How about other people? Can our childlike decisions make a difference? Did we get into trouble when we make them?
I started this discussion some time back under Awareness of Women's Mental Health - in Lived Experience - but as time passed I realised that men needed to be considered in the discussion - also - it's a huge subject
Thanks everyone who has added their thoughts
06-06-2019 02:22 PM - edited 07-06-2019 06:12 AM
Hi @Dec, great to see this thread is still active, and great to hear your son in law is out so quickly. Less than a week after major surgery.
I mentioned in another thread how I made a fairly momentous decision at the age of four, so I agree that even so young we bear great responsibility.
Very early in my infancy I remember being a great dreamer. I used to visit places my family never went to, and I remember dreaming of things which only an infant could dream of. But at the age of four I realized that I couldn't do this anymore, I was limited to my family's house and the behaviour of my parents and siblings, so I made the decision to rehearse as much as I could of what it was like before, and later in my twenties I spent time retrieving these memories. They were partly responsible for the development of my psychosis. I knew from my own experience that there was much more to consciouness than what most people content themselves with.
My childhood was fairly idylic, but in my twenties I was determined to make my own way in the world and to follow my own path which was contrary to what my siblings were doing, and what my parents hoped for and expected of me. So this is where the conflict began in my life.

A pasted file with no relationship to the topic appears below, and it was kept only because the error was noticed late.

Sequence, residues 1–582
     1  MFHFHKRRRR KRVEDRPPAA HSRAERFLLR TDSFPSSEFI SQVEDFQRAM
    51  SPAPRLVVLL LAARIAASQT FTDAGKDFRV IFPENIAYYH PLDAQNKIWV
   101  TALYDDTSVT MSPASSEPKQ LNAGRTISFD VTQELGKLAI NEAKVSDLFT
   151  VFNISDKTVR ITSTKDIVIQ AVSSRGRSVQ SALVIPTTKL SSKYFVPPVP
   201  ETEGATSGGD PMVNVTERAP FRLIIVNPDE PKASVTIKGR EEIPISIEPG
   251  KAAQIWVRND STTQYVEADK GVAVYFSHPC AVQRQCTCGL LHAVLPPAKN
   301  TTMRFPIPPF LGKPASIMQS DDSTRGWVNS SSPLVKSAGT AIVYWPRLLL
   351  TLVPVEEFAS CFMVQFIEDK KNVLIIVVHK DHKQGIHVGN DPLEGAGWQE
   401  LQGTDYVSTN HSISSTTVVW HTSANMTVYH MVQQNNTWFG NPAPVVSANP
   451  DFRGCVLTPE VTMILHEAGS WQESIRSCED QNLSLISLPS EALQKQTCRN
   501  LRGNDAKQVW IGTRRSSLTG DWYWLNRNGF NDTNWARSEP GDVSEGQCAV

06-06-2019 04:50 PM
@DecThat is a good direction to take conversation.
Like @SkyView7 I made a few good decisions in my childhood. Many I never regretted.
I was just talking about my sister who died. Her case manager told her she had to come to terms with a decision she made at 8, that of returning to her family (us). She really struggled with that. I feel it was so crucial a decision, that she should have been lead to accepting her own thinking and to have respect for her lack of full social awareness. The way she struggled with it seemed they were putting more responsibility on her shoulders than seemed right for an 8 year old. How can an 8 yo know all the consequences of moving from one family to another, one social class to another and to a different city.
Resolving ambivalence can be hard, but I do think humans have a knack for trying to do the best they can with the knowledge they have....
10-06-2019 04:37 PM
11-06-2019 05:39 PM
@Dec Just read the first three pages. I'm a little shaky, so much of me here, angry inner child/children, years of abuse. Self love being unbelievable. And SO much more.
Thanks for the tag, a very challenging discussion.
Thanks everyone for your heroic bravery.
11-06-2019 12:26 AM
11-06-2019 06:02 AM
Thsnkyiu for sharing @Maggie beautiful song. listening to the song brought lots of tears.
Im struggling so much eith self love and hatred.
Gosh right now I’m feeling like my inner child that needs a hug. 😢